It's a game at home, the Cardinals are reeling. I say go for the extra point rather than go for the two-point conversion in most cases like this. I know Gregg Easterbrook will have a huge issue with this, but it was a tough call and Munchak went with the sure points. On Sunday, Mike Shanahan went for two in this situation and the attempt failed, so there is a downside to trying for the win over the tie.

Munchak chose to keep the point, and the tie, and play for overtime. In overtime, Arizona kicked the winning field goal and beat Tennessee, 37-34.

My problem is twofold. Tennessee had Arizona reeling. In the final minutes the Titans drove 87 yards to a field goal and 54 yards to a touchdown. That’s 141 yards, in about three minutes. And they had a chance to get one yard to win the game, with no overtime.

Munchak is coaching for his job, so maybe going for it would have been the gutsier decision. Of course the Titans still had the Cardinals reeling in overtime, so it makes sense the Titans would still have momentum in overtime.

What, exactly, was Munchak saying to his team and fan base after building a team in the offseason that was supposed to be able to grind out a tough yard when needed? The Titans made Andy Levitre the highest-paid guard in football in free agency last March. They drafted Chance Warmack, another guard, with their first-round pick in April. Levitre and left tackle Michael Roos would be one of the premier guard-tackle combinations in football.

Munchak is saying that he wants to go out as the Titans head coach meek and playing not to lose the game in regulation, while instead preferring to go to overtime where the Titans would still conceivably have momentum.

Ask yourself this question: If the Titans had 10 shots from the 1-yard line behind Levitre and Roos, with Chris Johnson running behind them, isn’t the team Mike Munchak created in the offseason built to succeed there a majority of the time?

Unfortunately, the Titans didn't have 10 shots from the 1-yard line. They had one shot and Peter brings up a good point here. He really does. I still think the Titans would have had momentum in overtime, but I completely see why Munchak should have gone for it here.

Munchak went all-in on the running game and the tough offensive line, and Tennessee spent that way all offseason, even buying a beefy backup to Johnson, Shonn Greene, to help with the running load. And when it came time to get one yard to win a football game that would have been a tremendous boost in a mostly depressing year—and might have saved the jobs of the entire coaching staff as well—Munchak played for overtime.

It's a malaise in the NFL. A head coach builds his team to run the ball and then doesn't trust his team to run the ball when it comes time to run the ball with the game on the line. Coaches are built in this situation to go to overtime and not waste a comeback on a single running play from the 1-yard line.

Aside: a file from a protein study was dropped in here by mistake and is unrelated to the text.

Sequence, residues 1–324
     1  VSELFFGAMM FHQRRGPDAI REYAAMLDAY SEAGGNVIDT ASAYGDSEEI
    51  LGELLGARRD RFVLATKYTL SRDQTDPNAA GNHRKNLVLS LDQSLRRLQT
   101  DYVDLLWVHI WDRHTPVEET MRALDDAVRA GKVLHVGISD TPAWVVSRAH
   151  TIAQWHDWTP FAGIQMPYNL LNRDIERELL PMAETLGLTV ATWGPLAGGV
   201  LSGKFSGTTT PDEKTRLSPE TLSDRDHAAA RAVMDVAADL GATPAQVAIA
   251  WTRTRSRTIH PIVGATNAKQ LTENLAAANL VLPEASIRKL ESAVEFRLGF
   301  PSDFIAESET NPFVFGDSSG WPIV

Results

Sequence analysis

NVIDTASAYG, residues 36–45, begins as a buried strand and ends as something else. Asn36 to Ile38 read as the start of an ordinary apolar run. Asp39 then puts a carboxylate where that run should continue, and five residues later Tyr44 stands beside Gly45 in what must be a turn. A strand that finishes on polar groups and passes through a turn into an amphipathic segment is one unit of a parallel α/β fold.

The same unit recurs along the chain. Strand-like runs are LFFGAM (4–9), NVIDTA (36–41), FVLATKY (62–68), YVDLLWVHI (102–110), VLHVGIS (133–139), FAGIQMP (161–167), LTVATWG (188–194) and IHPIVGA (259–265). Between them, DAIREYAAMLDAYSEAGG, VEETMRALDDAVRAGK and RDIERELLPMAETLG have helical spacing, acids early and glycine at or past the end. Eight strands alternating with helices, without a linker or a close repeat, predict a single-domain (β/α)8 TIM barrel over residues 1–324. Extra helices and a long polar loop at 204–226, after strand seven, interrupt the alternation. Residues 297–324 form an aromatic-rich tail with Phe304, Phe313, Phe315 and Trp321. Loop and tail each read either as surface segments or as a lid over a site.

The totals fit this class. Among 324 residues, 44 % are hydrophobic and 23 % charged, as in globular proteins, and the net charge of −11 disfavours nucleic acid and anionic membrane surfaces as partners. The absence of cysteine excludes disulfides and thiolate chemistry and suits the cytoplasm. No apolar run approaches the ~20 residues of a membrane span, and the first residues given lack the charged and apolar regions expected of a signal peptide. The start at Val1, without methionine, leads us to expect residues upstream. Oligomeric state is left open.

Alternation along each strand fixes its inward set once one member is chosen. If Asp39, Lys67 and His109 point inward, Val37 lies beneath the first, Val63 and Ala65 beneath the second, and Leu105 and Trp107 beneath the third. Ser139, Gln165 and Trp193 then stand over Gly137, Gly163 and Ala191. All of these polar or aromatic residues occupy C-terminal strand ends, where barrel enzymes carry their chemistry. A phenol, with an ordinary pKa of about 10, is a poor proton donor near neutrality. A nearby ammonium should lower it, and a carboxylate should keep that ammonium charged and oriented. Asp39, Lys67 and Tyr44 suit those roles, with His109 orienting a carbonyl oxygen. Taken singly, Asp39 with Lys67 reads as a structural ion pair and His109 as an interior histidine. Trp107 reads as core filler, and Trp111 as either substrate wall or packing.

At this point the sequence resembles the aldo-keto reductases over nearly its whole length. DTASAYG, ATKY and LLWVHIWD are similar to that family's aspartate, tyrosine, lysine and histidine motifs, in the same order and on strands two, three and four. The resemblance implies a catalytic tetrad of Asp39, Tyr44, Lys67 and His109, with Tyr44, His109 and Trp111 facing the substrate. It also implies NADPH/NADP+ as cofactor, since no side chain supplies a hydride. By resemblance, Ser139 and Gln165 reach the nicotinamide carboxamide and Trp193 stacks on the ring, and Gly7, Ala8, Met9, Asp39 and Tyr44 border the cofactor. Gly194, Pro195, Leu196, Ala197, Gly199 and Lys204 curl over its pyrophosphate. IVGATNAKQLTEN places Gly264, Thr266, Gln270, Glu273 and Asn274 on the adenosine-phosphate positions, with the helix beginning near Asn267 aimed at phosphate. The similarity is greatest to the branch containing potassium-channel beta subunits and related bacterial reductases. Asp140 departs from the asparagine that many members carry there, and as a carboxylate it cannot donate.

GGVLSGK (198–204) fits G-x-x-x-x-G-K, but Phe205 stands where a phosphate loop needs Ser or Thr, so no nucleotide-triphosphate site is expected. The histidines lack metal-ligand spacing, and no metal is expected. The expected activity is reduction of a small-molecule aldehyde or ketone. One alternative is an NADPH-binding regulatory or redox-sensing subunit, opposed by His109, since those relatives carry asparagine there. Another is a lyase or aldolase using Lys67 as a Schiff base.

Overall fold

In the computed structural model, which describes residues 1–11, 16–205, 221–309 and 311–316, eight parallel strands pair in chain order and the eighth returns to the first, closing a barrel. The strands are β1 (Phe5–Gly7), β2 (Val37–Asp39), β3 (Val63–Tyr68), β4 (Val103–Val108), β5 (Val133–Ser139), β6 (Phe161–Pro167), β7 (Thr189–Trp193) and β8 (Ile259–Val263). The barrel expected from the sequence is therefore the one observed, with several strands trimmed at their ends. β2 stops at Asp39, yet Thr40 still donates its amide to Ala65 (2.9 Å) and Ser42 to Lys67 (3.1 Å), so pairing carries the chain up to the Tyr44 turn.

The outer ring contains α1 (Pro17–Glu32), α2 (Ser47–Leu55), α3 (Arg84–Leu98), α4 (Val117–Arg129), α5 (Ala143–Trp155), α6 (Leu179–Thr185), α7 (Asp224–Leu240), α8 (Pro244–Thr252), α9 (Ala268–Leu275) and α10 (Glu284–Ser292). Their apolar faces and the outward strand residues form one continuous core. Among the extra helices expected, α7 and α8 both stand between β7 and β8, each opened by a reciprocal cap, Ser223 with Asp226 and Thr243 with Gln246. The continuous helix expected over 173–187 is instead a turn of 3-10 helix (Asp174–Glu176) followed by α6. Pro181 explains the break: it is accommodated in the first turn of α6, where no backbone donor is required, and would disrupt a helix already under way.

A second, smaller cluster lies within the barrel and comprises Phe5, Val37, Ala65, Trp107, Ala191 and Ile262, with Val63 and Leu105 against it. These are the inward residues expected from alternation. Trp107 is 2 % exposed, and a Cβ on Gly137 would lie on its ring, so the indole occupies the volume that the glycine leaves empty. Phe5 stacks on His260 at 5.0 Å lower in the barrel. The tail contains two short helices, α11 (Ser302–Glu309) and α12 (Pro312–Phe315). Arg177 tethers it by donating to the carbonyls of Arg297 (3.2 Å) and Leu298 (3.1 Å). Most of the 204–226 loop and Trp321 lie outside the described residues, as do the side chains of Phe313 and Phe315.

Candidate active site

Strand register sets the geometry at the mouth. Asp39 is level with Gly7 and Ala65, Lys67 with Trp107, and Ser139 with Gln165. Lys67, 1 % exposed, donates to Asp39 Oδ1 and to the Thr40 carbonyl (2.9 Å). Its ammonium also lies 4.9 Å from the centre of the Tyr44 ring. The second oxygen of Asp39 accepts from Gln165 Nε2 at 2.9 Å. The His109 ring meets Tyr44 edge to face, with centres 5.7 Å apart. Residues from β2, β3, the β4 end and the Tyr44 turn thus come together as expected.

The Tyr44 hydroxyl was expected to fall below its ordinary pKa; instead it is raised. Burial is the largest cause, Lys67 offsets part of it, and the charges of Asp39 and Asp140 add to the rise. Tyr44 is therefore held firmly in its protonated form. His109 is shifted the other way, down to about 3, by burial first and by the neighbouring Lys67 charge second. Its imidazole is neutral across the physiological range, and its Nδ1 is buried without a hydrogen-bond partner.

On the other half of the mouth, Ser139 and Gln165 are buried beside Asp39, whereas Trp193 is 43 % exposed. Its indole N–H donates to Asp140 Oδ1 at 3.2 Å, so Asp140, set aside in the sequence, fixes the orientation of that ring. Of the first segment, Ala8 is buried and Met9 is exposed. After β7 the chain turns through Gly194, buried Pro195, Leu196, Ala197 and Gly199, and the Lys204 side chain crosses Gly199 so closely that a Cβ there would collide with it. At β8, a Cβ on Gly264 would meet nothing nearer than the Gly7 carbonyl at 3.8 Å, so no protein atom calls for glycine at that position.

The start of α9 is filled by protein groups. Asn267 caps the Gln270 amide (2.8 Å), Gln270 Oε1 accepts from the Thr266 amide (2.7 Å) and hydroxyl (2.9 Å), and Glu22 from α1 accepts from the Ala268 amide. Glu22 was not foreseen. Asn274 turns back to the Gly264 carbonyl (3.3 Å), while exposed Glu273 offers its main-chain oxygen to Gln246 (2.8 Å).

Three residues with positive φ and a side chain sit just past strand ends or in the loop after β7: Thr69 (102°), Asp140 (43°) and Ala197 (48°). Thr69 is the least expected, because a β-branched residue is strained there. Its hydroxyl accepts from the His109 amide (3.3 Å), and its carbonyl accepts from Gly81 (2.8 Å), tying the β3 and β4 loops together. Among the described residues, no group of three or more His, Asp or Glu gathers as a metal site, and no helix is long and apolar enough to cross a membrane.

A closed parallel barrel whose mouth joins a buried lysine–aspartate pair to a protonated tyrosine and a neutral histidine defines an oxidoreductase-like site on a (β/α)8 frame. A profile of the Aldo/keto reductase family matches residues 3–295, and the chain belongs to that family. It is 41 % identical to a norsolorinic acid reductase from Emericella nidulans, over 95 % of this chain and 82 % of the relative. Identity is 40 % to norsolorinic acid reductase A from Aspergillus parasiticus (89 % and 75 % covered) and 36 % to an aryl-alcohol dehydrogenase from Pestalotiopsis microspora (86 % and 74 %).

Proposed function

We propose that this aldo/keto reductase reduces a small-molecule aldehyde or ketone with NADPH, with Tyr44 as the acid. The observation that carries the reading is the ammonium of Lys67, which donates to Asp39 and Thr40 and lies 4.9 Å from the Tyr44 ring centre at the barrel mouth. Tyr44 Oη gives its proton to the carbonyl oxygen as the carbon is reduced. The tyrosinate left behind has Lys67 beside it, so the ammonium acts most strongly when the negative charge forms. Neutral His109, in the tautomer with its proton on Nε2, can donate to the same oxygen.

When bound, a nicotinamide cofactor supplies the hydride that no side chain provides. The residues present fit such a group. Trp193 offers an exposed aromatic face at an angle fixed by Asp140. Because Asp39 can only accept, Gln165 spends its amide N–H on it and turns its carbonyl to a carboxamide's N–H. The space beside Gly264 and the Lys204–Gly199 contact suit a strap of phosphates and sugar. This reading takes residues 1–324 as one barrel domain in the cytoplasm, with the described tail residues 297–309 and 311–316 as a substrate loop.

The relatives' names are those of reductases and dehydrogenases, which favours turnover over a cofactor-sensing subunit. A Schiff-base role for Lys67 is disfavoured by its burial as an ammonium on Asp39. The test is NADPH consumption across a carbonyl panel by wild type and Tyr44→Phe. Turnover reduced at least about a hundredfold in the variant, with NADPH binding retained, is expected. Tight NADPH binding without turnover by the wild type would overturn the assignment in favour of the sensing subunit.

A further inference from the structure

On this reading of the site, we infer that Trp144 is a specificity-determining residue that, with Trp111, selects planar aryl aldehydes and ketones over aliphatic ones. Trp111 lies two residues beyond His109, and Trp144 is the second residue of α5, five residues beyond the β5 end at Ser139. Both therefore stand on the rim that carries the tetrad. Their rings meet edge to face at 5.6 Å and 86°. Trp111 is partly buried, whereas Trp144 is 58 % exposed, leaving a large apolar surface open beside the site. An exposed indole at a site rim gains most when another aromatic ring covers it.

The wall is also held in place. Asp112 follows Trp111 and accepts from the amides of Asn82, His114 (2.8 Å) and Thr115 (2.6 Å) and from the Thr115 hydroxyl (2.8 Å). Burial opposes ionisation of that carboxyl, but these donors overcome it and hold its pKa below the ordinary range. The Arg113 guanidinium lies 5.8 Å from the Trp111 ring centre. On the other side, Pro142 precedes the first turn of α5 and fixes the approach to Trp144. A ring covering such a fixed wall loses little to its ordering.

The Sportsman of the Year decision.

This year the picture is murkier, but I’d go, in order: Manning, Ortiz, Rivera, McCarron, Johnson.

The difference is that most of these other sportsmen accomplished something of significance in the calendar year while Peyton Manning is in the process of possibly accomplishing something significant during 2013. I don't really care about fake awards like this, but I don't see how Peyton Manning is the Sportsman of the Year...other than the fact he maybe sells magazine covers.

Stone will give his reasoning, because it’s ultimately his call. I like Manning for the award because, at 37 and maybe 85 percent of his former grip and arm strength because of his four neck procedures in 2010 and 2011, he is apace to challenge the two big single-season pro football passing records: touchdowns (50, held by Brady) and yards (5,476, held by Drew Brees).

Eh, these personal accomplishments are great, but I'm not sure it qualifies to be Sportsman of the Year since Manning hasn't actually broken these records yet.

Having one’s best year under the circumstances and with so many young pups with stronger arms and faster legs chasing him is worthy of our praise and respect.

Yes, he is worthy of respect and praise. I don't think he is worthy of the Sportsman of the Year from "Sports Illustrated."

I appreciate the difference of opinion about the award. There usually is one. Manning didn’t win a title this year, and he didn’t win a playoff game, and both of those should be factors in the decision. Factors, not musts. As I said, Stone will give his reasoning today in various venues, but I am bullish on the call for the eighth football person to win Sportsman in this, the 60th year of the award.

Peter King likes the call because he likes Peyton Manning. It actually seems to be that simple. I'm not a huge fan of talking about playoff victories, but Manning didn't even win a playoff game last year and a sportsman having personal and team success is usually a major factor in whether he wins the award. In fact, I can't think of anything (other than come back from an injury, which is silly to base his merit for receiving this award upon) that Manning accomplished in the 2013 year. He's played great football. So have other football players and other athletes. LeBron James just won back-to-back NBA titles with the Heat while being the best player in the NBA.